Monday, 10 July 2017

Scarlet fever at Longham Lakes

On Saturday evening Dorset birder Martin Wood posted on Twitter a photograph, taken at Longham Lakes, of a startlingly bright red dragonfly, along with a request for help with the ID. Martin is a popular figure on the Dorset birding scene, not least due to his endearing habit of not checking what the auto-correct function has done to his posts before he sends them. Thus, a number of new species have been added to the Dorset list over the years thanks to these typos, including Montagu's Barrier, Woodstock, Wedge Warbler and the aptly-named Wood Sandpaper.
Scarlet Darter (confusingly also known as Scarlet Dragonfly or Broad Scarlet) is an incredibly vivid shade of red - here resting with wings swept characteristically forward 
The abdomen is flattened compared to other red Darters, and it has a small yellow patch at the base of the hindwing. Note also the blue underside to the eyes, a feature evidently shared with Red-veined Darter
A different angle to show the brilliant scarlet head and eyes. On one of the finer points of ID, 10 or 11 ante-nodal cross-veins on the leading edge of the forewing can be seen on the photos above (compared to 8 in other red darters)
Red-veined Darter had been reported at Longham in recent days and Martin posed the not unreasonable question of whether this might be one of that species. The internet 're-identified from photos' phenomena reared its head at this point with dragonfly buffs confidently proclaiming it to be a Scarlet Darter Crocothemis erythraea - only the 8th record for Britain and apparently the first for Dorset. I had trudged around Longham Lakes in the heat of Saturday afternoon trying to improve on my earlier photographs of Lesser Emperor - unsuccessfully I should add - and was unaware of the presence of the even rarer visitor which must have been present at the same time. So with a good forecast on Sunday morning I made the short journey back to Longham while the rest of the family were having a lie-in, arriving just after 0900.
Lesser Emperor at Longham Lakes - note the pale blue band at the base of the abdomen. An absolute swine to photograph - they seemed to patrol over a much larger area than Emperors, and they hovered only rarely
I never saw one perch in almost 6 hours at Longham - as a result I had to wait patiently in the baking sun and hope for one to pause long enough for the auto-focus to lock on
Fortunately this one did and although the light was unkind I was pleased to have improved on my earlier efforts
Checking the areas of the lakes allegedly favoured by the Lesser Emperors (again, unsuccessfully), after about an hour I headed down to the bottom end of the south lake where Martin had photographed the Scarlet Darter. There I met up with some other local dragonfly hunters who had come to search for the Darter. We spread out and covered the area near where Martin had photographed it, before moving on to pay close attention to a small pool at the base of the south lake.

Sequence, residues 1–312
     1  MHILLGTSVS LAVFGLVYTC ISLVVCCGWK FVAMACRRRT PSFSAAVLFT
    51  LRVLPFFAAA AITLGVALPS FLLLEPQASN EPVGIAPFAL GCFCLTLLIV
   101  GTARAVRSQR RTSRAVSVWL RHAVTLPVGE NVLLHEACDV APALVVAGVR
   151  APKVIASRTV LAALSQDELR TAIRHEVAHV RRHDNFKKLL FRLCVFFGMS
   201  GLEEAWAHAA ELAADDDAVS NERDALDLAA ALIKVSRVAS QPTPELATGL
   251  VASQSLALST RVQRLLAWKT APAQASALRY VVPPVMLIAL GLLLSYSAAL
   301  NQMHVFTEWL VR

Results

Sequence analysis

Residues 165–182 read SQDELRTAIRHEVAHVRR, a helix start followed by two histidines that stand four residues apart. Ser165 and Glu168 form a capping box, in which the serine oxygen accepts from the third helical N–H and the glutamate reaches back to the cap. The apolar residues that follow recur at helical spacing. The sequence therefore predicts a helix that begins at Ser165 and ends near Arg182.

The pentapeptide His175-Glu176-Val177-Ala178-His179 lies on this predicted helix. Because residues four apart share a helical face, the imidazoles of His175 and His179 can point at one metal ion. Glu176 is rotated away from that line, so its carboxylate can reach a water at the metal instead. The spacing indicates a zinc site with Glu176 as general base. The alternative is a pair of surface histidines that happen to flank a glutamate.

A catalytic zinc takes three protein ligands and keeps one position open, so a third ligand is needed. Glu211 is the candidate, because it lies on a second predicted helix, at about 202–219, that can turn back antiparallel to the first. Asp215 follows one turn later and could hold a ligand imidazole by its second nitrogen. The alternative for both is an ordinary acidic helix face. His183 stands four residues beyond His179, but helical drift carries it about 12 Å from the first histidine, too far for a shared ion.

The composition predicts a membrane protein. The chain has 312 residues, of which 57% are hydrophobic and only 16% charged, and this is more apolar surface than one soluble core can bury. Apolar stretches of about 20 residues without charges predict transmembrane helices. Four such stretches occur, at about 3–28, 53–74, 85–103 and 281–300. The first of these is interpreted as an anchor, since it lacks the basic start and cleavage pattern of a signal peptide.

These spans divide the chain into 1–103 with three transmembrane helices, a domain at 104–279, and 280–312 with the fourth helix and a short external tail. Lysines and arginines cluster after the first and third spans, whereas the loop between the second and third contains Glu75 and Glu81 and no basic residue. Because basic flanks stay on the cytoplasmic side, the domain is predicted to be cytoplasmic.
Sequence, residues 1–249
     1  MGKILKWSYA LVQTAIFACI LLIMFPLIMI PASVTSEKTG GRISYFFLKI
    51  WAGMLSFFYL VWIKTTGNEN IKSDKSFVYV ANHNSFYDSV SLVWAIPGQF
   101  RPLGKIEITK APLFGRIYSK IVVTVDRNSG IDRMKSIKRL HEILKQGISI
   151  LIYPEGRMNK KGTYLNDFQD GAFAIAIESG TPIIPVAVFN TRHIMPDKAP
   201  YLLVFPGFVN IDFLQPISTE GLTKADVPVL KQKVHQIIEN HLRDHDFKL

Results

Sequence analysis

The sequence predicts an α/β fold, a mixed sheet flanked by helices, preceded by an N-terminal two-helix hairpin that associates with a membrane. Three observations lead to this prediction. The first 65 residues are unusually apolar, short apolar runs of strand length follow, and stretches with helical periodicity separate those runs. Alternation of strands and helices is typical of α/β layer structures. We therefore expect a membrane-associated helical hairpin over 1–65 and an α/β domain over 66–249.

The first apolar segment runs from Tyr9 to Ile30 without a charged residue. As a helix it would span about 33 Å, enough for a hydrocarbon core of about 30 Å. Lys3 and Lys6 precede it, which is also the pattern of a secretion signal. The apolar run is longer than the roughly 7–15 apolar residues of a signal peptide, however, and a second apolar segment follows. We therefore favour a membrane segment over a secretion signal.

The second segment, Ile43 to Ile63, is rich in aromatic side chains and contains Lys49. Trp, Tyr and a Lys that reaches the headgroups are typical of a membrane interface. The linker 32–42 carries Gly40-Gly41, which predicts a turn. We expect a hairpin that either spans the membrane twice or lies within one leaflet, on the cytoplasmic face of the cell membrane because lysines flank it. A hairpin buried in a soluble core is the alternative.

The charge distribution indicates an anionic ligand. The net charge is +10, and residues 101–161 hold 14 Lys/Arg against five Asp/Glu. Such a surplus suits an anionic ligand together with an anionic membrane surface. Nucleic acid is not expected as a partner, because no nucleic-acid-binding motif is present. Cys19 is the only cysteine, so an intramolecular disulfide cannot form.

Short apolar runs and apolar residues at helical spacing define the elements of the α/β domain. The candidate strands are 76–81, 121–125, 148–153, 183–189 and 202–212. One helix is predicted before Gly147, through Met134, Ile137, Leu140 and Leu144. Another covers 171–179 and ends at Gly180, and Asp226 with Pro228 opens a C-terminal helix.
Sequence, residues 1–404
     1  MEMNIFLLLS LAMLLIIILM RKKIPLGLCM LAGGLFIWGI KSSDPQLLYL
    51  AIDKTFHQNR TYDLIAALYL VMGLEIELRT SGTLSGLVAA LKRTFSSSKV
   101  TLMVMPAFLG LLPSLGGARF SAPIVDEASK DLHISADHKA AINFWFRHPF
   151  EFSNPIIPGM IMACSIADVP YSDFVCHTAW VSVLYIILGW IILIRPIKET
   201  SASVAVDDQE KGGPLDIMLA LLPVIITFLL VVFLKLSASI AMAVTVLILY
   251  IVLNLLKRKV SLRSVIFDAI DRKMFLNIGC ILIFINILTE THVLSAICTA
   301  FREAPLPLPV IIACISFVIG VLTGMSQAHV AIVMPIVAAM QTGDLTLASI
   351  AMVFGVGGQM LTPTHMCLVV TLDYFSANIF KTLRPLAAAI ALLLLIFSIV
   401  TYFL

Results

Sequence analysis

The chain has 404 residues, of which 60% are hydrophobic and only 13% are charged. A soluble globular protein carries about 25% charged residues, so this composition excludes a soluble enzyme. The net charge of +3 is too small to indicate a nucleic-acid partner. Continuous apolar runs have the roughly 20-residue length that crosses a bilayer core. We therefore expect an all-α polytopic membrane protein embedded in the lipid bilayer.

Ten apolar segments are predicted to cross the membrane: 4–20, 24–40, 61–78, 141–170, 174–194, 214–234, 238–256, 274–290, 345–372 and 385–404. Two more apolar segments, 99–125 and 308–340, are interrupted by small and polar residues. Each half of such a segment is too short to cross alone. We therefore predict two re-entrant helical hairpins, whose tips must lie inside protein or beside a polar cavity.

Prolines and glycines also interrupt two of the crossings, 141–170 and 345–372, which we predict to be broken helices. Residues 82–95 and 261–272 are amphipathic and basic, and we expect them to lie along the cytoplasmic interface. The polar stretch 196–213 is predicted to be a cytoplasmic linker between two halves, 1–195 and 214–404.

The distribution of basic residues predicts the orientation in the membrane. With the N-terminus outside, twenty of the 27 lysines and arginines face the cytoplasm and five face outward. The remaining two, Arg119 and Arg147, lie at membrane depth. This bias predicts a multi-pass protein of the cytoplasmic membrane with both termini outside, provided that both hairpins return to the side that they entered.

On any other day this Red-veined Darter would have been the star of the show - but yesterday it played 3rd fiddle to the Scarlet Darter and Lesser Emperor
Brown Hawker - the only other dragonfly to be as restless as the Lesser Emperor, I had to settle for a flight shot
This Golden-ringed Dragonfly was more inclined to perch on tall vegetation - though it seemed to want to stay in the shade unfortunately
As I walked slowly along the edge of the pool, primarily looking for Small Red-eyed Damselflies close enough to photograph, I was stopped in my tracks by a tiny telephone box of a dragonfly which I surmised could only be the Scarlet Darter. Hailing the others, we all enjoyed close views as the Darter basked and made occasional hunting sallies before returning to perch on the same stalk of vegetation.
Emperor Dragonflies were sparring with the Lesser Emperors
A female Emperor
Emperor is more inclined to perch on vegetation than Lesser Emperor
After a bit of debate about the ID during which our disbelieving minds were almost in denial of the clear evidence before our eyes, we eventually ruled out Red-veined Darter and put the news out that the Scarlet Darter was still present. A number of locals and a few from further afield managed to get to Longham to see it before it went missing around lunchtime. Thanks to his discovery of the Scarlet Darter, we can now celebrate Martin for yet another addition to the Dorset list! A great find and a just reward for his diligent coverage of the Lakes.
Black-tailed Skimmer was by far the most numerous large dragonfly at Longham Lakes this weekend
Here a female Black-tailed Skimmer captured in flight
Three species of damselfly in this picture - Small Red-Eyed (top left), Blue-tailed (top right) and Common Blue (bottom left)
After success with the Scarlet Darter, everything else then fell into place - the Lesser Emperor(s), previously so elusive, were found faithfully patrolling the same stretch of the south lake shore, a Brown Hawker floated past, a Golden-ringed Dragonfly played hide-and-seek in some brambles with a pair of Banded Demoiselle, and a Red-veined Darter posed for photos. Some 16 species of Odonata were recorded at Longham Lakes this weekend - firmly establishing it as one of the country's leading sites for this fascinating family.
Common Blue Damselfly
The much rarer Small Red-eyed Damselfly
Banded Demoiselle

2 comments:

  1. somewhat gripped off. Stuck at a wedding in Wales. Actually, fucking gripped off to shit. Very nice pics.

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  2. Great to see so many people visiting my local patch at the moment :)

    ReplyDelete